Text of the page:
In 1938, the National Labor Relations Board certified the ILWU as the exclusive bargaining representative for a bargaining unit that includes all longshore workers employed by PMA members on the Pacific Coast. See Shipowners' Association of the Pacific Coast, 7 NLRB 1002, 1041 (1938), review dismissed, 103 F.2d 933 (D.C. Cir. 1939), affirmed, 308 U.S. 401 (1940) (certifying the ILWU as the exclusive bargaining representative for “all workers who do longshore work in the Pacific Coast ports of the United States”). Thus, the PMA-ILWU bargaining agreements cover all workers employed in the loading and unloading of all dry cargo for ocean-going vessels arriving at or departing from ports along the Pacific coast of the United States, including all ports in the states of California, Oregon and Washington.
The Plan was established in 1951. Plan benefits are established as part of the collective bargaining process. Plan contributions are determined under a system, established in 1983, that governs all fringe benefit costs under the PMA-ILWU agreement. The system allocates assessments between man-hours and tonnage based on a membership agreement filed with the Federal Maritime Commission. The system works as follows. A man-hour rate is established by dividing a divisor that is established by the agreement into the total annual projected cost for all ILWU-PMA benefits. The result is a man-hour rate that is then multiplied by the total hours expected to be worked during the year to determine the amount of the benefits and costs that will be funded by man-hours. The remaining funds are collected from tonnage. To the extent that man-hours are less than the divisor, assessments are collected on tonnage to fund the benefits in an order of priority established by the agreement. The pension benefits have the highest priority on man-hour contributions. Contributions on tonnage would not be used to fund pensions unless the annual assessments on man-hours were insufficient to meet the annual pension funding obligation required by the Internal Revenue Code.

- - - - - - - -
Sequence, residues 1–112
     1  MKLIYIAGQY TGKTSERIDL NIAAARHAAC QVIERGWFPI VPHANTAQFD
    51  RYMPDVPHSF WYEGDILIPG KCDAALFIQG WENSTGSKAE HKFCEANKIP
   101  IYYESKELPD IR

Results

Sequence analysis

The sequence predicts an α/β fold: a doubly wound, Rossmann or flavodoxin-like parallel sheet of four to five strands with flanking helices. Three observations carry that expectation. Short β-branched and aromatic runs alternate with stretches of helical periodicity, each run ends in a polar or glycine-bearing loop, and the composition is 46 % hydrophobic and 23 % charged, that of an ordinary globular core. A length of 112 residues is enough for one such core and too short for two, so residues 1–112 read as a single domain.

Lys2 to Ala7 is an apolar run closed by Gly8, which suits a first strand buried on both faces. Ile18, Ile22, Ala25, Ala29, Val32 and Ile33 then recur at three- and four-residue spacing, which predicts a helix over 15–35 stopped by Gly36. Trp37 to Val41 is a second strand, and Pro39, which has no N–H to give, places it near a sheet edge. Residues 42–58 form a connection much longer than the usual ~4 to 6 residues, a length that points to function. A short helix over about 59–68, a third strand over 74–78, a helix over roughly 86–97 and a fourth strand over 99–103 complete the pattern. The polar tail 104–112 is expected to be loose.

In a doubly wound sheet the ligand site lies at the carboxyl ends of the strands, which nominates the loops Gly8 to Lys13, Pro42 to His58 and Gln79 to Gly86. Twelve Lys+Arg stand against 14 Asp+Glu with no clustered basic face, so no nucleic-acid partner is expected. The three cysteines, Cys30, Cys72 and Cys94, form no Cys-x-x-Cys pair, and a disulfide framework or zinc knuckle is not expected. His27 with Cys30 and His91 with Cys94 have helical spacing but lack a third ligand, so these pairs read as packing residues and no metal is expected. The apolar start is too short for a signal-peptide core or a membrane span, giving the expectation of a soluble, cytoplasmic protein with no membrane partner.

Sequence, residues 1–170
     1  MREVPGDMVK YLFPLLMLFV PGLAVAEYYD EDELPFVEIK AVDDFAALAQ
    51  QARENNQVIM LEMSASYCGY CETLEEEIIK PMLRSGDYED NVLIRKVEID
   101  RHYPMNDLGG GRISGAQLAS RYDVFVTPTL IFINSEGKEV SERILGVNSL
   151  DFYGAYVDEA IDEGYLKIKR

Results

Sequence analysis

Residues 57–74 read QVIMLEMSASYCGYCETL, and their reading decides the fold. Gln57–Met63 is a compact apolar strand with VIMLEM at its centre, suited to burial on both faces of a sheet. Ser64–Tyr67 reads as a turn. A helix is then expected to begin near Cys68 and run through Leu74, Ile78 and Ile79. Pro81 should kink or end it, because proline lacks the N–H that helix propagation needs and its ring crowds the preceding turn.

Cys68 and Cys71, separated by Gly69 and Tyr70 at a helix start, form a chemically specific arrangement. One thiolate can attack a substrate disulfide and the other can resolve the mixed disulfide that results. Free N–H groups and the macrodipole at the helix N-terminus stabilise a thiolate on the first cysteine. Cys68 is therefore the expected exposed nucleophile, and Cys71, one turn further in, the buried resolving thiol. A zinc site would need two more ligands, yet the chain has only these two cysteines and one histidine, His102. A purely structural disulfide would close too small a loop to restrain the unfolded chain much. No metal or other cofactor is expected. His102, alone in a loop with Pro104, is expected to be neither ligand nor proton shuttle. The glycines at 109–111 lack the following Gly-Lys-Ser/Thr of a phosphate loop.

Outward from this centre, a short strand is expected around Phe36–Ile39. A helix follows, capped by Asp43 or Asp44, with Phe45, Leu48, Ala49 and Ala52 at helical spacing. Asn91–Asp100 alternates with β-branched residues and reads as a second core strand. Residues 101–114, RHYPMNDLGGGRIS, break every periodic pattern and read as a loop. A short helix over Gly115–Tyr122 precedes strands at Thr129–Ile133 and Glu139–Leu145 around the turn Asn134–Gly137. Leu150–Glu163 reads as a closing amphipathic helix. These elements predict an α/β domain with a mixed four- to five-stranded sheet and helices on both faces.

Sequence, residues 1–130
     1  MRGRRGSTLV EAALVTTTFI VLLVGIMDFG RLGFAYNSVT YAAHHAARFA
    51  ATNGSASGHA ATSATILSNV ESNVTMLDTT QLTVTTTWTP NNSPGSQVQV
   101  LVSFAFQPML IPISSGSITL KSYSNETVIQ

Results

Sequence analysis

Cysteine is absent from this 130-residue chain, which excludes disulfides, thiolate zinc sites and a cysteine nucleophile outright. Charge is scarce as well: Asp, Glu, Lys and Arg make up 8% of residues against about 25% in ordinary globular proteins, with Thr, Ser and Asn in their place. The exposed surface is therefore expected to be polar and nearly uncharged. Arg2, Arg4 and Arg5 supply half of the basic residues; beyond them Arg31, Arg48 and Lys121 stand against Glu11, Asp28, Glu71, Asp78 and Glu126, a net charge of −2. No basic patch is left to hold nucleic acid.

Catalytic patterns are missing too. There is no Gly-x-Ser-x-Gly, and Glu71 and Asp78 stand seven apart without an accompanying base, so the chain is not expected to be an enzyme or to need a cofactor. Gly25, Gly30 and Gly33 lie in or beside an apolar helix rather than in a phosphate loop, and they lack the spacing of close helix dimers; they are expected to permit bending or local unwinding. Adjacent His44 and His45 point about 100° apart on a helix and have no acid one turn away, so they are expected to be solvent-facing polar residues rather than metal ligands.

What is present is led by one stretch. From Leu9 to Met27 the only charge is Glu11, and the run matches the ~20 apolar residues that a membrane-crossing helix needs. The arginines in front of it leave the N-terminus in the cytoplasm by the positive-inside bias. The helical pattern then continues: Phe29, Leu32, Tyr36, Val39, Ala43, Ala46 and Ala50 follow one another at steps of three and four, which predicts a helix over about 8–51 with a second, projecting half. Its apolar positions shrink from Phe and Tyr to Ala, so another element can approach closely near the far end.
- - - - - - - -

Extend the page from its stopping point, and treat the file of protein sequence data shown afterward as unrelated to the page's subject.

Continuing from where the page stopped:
The total number of contributing employers, based on federal tax identification numbers, has remained stable over several decades. There were 100 contributors in 1972, 107 in 1979, 114 in 1996 and 114 in 2002. The contributors in 1996 that remain contributors in 2002 represent over 99% of the total contributions to the Plan.
Current Financial Status of the Plan
The Plan operates on a July-June fiscal year. The Form 5500 filed for the 2001-02 plan year reports the Plan covered 10,526 active workers, paid benefits to 4547 pensioners and 3759 survivors, and had only 9 inactive participants (or survivors) with vested entitlements. The Plan received $23.9 million in contributions, and paid out $134 million in benefits, as well as $7.8 million in administrative expenses. At year end, plan assets were approximately $1.943 billion.
Under the current version of the special rule, the Plan actuary must provide the PBGC with annual certifications that at least 85% of the Plan's liabilities for vested benefits (determined using specified set actuarial assumptions) are covered by Plan assets. The certification must also show other information about plan contributions and benefit payments. The following table presents this data for the plan years since the PBGC last considered the withdrawal liability exemption.